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Warlords Turn to Ivory Trade To Fund Slaughter of Humans
In Chad, Janjaweed militia from Sudan killed 100 elephants in one afternoon; in Kenya, Somali warlords armed with rocket-propelled grenades killed four wildlife rangers during a bloody raid on herds in the Tana Delta; in Democratic Republic of Congo, a whole host of rebel groups have turned the country's dwindling elephant population into a new cash crop.
The fight to protect Africa's elephants has just got more dangerous. Across the continent, armed groups linked to civil wars and conflicts are using the illegal ivory trade to fund their activities. Groups like the Janjaweed, responsible for carrying out countless atrocities in Sudan's western Darfur region, are now the "greatest problem for the protection of elephants in Africa", according to Michael Wamithi, the head of the elephant programme for the International Fund for Animal Welfare (Ifaw).
"Small groups of people used to kill elephants and take their ivory for purely commercial reasons," he said. "Now it is a very different thing. It is organised and it is funding these dangerous groups." In one incident in Chad's Zakouma National Park a gang of more than 30 Janjaweed men on horseback killed more than 100 elephants in a single attack.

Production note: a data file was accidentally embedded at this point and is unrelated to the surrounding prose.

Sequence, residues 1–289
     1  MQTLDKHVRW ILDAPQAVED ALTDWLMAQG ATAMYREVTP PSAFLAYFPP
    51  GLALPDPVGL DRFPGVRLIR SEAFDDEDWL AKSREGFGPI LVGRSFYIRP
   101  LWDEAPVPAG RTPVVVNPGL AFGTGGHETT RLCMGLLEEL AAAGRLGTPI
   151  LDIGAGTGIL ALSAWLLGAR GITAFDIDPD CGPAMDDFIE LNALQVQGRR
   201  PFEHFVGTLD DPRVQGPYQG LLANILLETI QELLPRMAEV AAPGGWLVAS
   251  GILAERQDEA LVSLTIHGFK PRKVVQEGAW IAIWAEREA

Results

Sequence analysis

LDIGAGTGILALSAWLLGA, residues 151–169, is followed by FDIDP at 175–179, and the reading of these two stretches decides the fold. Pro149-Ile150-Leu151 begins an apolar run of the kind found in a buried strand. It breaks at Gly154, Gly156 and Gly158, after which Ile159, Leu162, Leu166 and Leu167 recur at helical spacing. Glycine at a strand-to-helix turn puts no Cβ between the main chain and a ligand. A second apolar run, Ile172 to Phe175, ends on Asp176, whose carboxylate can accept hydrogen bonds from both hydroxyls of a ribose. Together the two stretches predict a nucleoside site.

"It was a targeted operation, very well planned," Mr Wamithi said. "To kill that many elephants in one go takes a lot of organisation. We have not seen attacks like this before."
Hundreds of elephants have been killed in Zakouma in the past two years, mostly by fighters crossing from Sudan, according to officials in Chad. Illegal ivory is now being used in conflicts in east Africa in much the same way as "blood diamonds" were in civil wars across west Africa in the 1990s, Mr Wamithi said.
Fears over dwindling elephant populations in some parts of central Africa have been overtaken by concerns that the slaughter of elephants is now funding the killing of humans.